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So here's the deal. I am working on a debugger using a pin tool and the dwarf info from the process that I am attaching to. Pin is a framework that lets you create instrumentation tools for processes that are already running, I attach to the process and then I parse the DWARF info from it.

Obviously, pin let me grab the registers in the precise moment on where I attach to the program. I am able to get ebp, esp, and eip. But the information from the stack doesn't match the information from the DWARF info.

For example:

Pin tells me that ebp is: bfe0abe8 I assume this is the actual address of the register and not the value that is inside of it.

If I go to the stack I have this:

bfe0abb5 -> 00000020   \\this is esp
bfe0abb6 -> 0804855d
bfe0abb7 -> 08048720
bfe0abb8 -> 0000000a
bfe0abb9 -> bfe0abe8    \\this is what I think is ebp, but according to pin is not
bfe0abba -> 0015711f
bfe0abbb -> bfe0ac28
bfe0abbc -> 4236b852     \\this is a local float variable named jos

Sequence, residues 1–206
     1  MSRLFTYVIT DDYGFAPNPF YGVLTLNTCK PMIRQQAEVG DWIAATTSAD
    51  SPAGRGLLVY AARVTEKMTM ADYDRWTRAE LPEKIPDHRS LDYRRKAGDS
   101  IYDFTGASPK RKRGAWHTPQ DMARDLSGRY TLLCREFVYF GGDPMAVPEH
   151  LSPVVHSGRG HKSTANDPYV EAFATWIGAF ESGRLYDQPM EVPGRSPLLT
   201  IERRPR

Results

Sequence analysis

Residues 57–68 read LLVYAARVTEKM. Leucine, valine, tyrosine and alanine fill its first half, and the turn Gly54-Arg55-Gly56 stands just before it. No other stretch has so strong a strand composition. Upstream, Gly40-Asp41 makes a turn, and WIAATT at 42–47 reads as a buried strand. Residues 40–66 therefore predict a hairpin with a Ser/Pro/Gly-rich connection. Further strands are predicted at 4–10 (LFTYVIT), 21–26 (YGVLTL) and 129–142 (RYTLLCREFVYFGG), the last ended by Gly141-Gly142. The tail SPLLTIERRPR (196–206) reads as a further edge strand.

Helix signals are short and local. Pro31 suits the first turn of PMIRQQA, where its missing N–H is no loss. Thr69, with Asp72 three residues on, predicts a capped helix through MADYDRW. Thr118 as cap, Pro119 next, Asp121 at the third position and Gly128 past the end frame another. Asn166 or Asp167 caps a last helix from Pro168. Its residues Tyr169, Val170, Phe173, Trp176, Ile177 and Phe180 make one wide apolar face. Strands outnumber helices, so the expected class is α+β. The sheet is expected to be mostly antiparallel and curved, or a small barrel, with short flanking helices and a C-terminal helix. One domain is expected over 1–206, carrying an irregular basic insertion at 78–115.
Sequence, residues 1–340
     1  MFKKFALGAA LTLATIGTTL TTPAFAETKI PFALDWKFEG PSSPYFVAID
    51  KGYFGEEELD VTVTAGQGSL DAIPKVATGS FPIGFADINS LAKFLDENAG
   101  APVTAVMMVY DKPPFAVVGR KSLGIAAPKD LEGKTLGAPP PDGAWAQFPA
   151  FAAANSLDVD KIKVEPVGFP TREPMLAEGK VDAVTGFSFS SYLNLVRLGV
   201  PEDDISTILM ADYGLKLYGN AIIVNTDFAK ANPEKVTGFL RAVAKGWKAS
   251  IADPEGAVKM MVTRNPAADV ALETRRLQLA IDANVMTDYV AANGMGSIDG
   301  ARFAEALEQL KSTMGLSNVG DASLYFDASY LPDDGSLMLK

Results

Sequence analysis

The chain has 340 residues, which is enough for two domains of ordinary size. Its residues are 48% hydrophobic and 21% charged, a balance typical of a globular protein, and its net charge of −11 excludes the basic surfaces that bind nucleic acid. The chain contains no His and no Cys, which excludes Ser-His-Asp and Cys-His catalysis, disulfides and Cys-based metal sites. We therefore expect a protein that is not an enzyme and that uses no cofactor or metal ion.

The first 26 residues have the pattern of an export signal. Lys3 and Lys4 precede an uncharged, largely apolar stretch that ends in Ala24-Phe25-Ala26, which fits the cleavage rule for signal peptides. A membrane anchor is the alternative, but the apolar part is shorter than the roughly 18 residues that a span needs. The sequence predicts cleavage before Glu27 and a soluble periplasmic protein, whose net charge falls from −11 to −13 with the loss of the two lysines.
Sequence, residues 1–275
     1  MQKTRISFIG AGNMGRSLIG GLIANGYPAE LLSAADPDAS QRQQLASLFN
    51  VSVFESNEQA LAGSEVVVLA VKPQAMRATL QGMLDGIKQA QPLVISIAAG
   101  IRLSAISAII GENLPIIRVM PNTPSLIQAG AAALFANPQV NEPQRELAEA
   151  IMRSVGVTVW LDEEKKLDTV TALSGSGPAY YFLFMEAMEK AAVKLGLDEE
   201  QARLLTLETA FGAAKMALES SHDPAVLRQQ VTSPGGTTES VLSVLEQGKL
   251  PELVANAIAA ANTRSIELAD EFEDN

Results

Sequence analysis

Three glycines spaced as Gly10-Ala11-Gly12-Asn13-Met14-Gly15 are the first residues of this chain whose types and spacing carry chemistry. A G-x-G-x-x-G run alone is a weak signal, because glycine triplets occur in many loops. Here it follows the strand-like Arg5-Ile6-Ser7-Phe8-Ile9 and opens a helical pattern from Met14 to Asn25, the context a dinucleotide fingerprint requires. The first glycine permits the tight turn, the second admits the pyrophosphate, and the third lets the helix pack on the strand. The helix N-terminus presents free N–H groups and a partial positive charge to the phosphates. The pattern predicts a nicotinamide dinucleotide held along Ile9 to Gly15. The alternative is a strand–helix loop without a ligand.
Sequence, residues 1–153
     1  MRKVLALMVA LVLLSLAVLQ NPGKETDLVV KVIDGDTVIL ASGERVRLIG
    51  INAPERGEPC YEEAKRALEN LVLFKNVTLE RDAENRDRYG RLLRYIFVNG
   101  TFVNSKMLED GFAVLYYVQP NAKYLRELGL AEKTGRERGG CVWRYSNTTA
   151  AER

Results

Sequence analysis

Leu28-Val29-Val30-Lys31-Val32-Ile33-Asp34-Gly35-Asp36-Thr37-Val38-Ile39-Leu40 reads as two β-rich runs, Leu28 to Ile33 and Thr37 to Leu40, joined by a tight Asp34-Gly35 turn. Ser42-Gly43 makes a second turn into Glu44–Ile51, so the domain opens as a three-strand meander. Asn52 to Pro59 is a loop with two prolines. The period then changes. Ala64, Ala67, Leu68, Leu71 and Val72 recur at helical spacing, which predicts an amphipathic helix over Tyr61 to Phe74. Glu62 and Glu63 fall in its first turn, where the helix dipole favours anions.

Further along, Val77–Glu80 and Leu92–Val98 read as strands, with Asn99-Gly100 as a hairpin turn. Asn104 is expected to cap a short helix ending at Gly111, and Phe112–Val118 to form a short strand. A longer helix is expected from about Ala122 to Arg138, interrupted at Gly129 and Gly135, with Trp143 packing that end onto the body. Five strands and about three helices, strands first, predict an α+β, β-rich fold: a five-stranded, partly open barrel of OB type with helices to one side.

bfe0abbd -> 42c0947b     \\this is a local float variable named tib
bfe0abbe -> 0000000a
bfe0abbf -> 08048724
bfe0abc0 -> bfe0abf8
bfe0abc1 -> bfe0ac28
bfe0abc2 -> 08048612
bfe0abc3 -> 00000000
bfe0abc4 -> 0000000a
bfe0abc5 -> 00006680
bfe0abc6 -> 08048689
bfe0abc7 -> 00266324
bfe0abc8 -> 00265ff4
bfe0abc9 -> 936498a8
bfe0abca -> 4072464d
bfe0abcb -> 0013f4a5
bfe0abcc -> 424ab852    \\this is another local variable
bfe0abcd -> 42bc947b    \\this is another local variable
bfe0abce -> 0000000a
bfe0abcf -> 08048670
bfe0abd0 -> 00000000
bfe0abd1 -> bfe0aca8

And a lot more, I don't know what is actually the bottom of the stack, so I am showing just a bit of it.

If I go to the DWARF info, this is the function that the top of the stack is currently in, and which ebp should be pointing to:

<1><  962>  DW_TAG_subprogram
    DW_AT_external              yes(1)
    DW_AT_name                  add
    DW_AT_decl_line             36
    DW_AT_prototyped            yes(1)
    DW_AT_low_pc                0x8048513
    DW_AT_high_pc               0x804855f
    DW_AT_frame_base            <loclist with 3 entries follows>
        [ 0]<lowpc=0x2f><highpc=0x30>DW_OP_breg4+4
        [ 1]<lowpc=0x30><highpc=0x32>DW_OP_breg4+8
        [ 2]<lowpc=0x32><highpc=0x7b>DW_OP_breg5+8

I know this because the local variables that I see on the stack are inside this function. These local variables are:

 <2>< 1029> DW_TAG_variable
    DW_AT_name                  tib
    DW_AT_decl_line             38
    DW_AT_type                  <837>
    DW_AT_location              DW_OP_fbreg -24
 <2>< 1043> DW_TAG_variable
    DW_AT_name                  jos
    DW_AT_decl_line             39
    DW_AT_type                  <837>